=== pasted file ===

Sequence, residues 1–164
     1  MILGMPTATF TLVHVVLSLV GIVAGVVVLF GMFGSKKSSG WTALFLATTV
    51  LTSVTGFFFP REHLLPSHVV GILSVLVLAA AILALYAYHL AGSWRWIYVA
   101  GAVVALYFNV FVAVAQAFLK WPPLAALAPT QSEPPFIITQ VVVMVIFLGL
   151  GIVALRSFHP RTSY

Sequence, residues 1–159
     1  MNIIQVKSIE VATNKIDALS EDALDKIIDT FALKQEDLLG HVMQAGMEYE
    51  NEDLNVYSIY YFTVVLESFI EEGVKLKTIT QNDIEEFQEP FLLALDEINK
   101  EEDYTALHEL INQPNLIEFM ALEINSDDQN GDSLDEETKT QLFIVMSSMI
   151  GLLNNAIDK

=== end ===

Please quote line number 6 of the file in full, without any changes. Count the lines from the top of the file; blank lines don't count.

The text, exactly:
Sequence, residues 1–159